Apparently, the class size maximums as listed above from the DPS website are correct, however, they are meaningless under the emergency manager. No moves will be made to enforce these "maximums" (read: open another classroom and hire another teacher for it) until the numbers almost double.

Thus, instead of K-3 classrooms having a maximum of 25 students, that number will need to reach 41 until a change is made. The listed maximum number of 38 students in a room for grades 4-5 would have to reach 46 students in the room to trigger any changes. And, lordhelpDetroit, though the official maximum number of students listed for grades 6-12 is the bad-enough 38, the actual number of students allowed in a room until any change will be considered is 61.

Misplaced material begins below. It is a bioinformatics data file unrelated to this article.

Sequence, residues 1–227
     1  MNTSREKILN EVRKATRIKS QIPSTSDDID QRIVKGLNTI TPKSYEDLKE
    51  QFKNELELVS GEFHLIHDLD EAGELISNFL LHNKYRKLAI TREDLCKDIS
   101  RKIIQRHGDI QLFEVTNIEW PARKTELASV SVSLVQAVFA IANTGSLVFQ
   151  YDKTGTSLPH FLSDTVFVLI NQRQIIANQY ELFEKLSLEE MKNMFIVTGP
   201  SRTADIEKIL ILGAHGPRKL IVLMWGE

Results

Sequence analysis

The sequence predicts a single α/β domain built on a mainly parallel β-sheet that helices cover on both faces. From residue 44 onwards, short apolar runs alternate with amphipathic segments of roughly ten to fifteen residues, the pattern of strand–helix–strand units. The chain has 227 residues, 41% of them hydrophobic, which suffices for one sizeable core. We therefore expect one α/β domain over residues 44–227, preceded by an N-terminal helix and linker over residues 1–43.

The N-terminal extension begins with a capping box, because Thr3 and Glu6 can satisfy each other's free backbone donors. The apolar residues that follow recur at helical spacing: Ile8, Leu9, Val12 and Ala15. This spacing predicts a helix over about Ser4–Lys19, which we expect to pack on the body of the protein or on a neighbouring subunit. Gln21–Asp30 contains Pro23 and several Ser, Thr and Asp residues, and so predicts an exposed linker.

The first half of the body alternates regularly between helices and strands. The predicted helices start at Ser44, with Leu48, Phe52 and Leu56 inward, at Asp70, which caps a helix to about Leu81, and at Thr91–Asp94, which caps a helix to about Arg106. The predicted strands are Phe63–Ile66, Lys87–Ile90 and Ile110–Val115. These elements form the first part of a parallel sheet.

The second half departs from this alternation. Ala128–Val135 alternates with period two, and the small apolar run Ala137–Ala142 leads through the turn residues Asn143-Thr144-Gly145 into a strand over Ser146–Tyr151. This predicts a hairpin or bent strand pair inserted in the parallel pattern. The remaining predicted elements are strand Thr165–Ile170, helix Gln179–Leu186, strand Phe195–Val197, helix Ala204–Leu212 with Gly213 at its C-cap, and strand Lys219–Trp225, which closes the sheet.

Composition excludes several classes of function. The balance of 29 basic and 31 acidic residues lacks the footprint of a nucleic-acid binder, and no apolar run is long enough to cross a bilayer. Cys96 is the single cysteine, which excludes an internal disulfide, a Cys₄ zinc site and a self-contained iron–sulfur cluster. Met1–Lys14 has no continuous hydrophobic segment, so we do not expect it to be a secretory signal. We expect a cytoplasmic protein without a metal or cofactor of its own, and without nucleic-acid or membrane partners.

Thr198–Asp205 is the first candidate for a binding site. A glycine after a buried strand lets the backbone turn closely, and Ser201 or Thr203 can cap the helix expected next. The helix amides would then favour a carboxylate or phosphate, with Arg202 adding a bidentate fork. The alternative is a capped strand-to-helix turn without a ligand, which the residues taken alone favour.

Why is America allowing its "education policy" to become a bipartisan destruction of public education, not just in Detroit but all across America? for the greed of privatization?

Why is America allowing such bipartisan, institutionalized child abuse and neglect to form at the very foundations of its "national education policy"? How does any nation benefit from such?

Any bets on what those all-important testing outcomes in Detroit will be next year? This is what America is allowing? worship at the alter of standardized testing for those making all the money there as well?

What kind of a nation are we? Something about what you do to the least...